Stemming from fragmentation is a lack of transparency. Carbon offset programs are often criticized for allowing double-spending, for over-crediting, and for inept tracking of the issued credits. Since there are scores of stakeholders in this ecosystem, this opaqueness hinders the effectiveness of the programs.
The immutable, secure, distributed nature of blockchain is a good enabler for transparency in the carbon markets ecosystem. Moreover, representing carbon credits as NFTs allows each credit to be uniquely tracked. It becomes easier to verify the ownership of the credit, thereby precluding multiple entities from claiming the same offset.
Traditionally, the credits are bought and sold through brokers and agents. It frequently results in high transaction fees that are pocketed by these intermediaries. Furthermore, third-party auditors who are paid by the project owners to verify their carbon reduction claims are at times incentivized to approve any programs they investigate, thereby defeating the purpose of a credible carbon market.
Smart contract based tokenization of credits that includes clearly defined, self-executing conditions for minting and burning of tokens eliminates the need to rely on middlemen for carbon trading. Tracking the carbon reductions with IoT devices and recording them in real time on blockchain gives an auditable measure of an entity’s carbon reduction claims.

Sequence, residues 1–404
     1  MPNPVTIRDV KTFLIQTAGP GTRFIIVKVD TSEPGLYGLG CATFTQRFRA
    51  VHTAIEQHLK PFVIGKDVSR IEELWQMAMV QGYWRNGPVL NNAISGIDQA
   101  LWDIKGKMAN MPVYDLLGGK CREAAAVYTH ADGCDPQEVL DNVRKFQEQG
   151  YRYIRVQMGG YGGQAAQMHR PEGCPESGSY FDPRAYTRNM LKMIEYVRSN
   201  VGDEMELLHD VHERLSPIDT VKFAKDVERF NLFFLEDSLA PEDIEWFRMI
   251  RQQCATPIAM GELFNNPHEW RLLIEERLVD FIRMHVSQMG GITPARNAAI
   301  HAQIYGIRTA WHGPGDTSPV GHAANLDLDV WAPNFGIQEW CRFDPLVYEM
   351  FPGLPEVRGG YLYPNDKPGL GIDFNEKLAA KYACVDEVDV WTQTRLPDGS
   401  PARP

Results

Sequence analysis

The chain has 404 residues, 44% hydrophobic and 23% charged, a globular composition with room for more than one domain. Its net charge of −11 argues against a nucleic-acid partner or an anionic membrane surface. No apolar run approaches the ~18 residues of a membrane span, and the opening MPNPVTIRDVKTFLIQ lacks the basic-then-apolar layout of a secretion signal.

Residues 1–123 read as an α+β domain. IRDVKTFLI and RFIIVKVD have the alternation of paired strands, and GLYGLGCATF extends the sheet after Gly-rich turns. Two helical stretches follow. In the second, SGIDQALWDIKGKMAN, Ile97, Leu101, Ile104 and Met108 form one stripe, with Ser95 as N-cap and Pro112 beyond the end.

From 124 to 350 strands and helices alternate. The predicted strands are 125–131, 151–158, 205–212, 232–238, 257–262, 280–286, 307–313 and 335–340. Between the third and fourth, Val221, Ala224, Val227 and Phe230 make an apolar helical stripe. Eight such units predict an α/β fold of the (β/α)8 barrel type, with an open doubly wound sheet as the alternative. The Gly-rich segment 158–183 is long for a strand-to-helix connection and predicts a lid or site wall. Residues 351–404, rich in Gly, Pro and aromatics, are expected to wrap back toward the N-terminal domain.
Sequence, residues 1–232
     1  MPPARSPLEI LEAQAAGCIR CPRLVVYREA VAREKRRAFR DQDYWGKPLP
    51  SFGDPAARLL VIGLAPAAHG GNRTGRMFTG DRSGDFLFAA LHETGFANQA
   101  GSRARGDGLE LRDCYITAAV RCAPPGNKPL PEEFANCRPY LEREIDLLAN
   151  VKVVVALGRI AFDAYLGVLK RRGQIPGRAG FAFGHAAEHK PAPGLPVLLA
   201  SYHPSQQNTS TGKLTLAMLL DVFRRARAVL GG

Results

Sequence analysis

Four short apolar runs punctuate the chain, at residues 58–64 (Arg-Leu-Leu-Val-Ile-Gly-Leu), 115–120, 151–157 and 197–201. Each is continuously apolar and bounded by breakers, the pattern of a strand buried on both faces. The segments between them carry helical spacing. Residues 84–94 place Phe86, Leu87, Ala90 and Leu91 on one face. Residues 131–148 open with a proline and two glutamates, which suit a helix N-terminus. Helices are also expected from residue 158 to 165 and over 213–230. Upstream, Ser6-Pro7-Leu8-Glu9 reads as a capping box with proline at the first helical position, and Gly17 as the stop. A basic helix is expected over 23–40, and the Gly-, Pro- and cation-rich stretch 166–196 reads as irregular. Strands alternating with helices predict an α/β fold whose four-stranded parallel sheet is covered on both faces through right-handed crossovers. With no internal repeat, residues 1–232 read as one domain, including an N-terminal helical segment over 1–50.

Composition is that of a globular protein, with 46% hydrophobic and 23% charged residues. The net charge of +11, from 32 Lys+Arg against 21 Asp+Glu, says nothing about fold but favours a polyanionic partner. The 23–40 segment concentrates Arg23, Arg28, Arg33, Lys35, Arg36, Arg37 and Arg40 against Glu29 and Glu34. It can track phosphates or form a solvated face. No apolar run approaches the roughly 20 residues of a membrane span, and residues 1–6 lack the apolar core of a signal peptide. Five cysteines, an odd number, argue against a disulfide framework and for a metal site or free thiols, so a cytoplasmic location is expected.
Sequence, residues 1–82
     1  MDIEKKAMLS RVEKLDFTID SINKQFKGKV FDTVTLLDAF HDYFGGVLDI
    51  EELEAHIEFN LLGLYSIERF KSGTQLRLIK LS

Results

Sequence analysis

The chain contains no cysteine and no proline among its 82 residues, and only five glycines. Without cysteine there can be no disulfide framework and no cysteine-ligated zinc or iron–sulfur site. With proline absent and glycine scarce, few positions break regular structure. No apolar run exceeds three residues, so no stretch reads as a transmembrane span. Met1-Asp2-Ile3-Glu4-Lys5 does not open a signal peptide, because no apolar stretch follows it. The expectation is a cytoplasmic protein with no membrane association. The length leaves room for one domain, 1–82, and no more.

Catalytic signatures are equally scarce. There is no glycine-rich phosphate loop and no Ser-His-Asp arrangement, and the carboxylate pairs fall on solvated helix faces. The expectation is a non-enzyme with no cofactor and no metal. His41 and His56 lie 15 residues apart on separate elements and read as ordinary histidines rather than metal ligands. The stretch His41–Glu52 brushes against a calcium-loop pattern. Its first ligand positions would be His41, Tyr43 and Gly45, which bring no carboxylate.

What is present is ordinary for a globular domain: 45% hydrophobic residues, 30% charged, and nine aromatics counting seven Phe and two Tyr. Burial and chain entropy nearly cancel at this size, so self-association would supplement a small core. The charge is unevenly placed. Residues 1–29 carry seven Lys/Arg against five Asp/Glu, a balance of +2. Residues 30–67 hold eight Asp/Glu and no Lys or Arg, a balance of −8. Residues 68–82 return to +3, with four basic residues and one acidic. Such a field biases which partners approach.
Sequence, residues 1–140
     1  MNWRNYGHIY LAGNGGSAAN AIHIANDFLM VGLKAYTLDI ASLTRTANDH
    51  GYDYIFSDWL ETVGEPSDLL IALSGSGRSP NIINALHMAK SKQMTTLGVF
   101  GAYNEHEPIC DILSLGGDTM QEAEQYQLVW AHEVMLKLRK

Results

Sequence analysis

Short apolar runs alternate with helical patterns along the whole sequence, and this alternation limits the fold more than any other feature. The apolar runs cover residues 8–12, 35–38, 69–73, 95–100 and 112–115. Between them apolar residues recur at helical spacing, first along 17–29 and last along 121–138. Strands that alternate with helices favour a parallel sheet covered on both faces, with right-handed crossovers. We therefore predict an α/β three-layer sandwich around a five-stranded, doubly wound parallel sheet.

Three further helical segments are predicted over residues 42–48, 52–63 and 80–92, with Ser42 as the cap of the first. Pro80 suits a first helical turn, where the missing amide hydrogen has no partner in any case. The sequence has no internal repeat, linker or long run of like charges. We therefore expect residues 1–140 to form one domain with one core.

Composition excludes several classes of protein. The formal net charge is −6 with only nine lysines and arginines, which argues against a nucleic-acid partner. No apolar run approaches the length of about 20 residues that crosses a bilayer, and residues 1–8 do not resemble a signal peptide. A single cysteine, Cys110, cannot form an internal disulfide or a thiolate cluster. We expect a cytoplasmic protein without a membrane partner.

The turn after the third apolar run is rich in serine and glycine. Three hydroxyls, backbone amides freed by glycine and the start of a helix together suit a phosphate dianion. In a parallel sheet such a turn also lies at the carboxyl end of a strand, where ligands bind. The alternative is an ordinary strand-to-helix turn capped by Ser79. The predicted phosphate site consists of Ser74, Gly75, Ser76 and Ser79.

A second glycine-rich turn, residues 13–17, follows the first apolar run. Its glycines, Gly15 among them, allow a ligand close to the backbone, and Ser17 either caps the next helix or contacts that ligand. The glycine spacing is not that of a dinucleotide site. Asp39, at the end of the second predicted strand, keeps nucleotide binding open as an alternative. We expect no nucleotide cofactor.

But, What About Carbon Emitted by the Blockchain Networks?
The next obvious concern among environmentalists is the carbon footprint created by the blockchain itself. In several countries, fossil fuel still remains a significant source of electricity. Some argue that the electricity used and resulting carbon emissions of a proof of work (PoW) based network defeats the purpose of using it to make carbon markets more effective and efficient. The concern, of course, can be addressed by choosing the right blockchain platform. Proof of stake (PoS) networks have a small energy footprint than their PoW counterparts. The number of transactions processed per unit of electricity consumed is also more efficient with these blockchains. A report suggests that a transaction on the Solana network utilizes less energy than two Google searches and consumes 24 times less electricity than charging our phones. Similarly, a recent study by the researchers at the University College of London (UCL) comparing the environmental impact of six of the PoS based distributed ledger technologies (DLTs) gives an insight into what factors need to be considered while choosing energy- and carbon-efficient blockchain networks.
In conclusion, blockchain technology could prove to be an efficient means to handle the carbon credits markets. It is, however, paramount to select the right platform to drive the holistic effectiveness of creating carbon markets on distributed ledgers.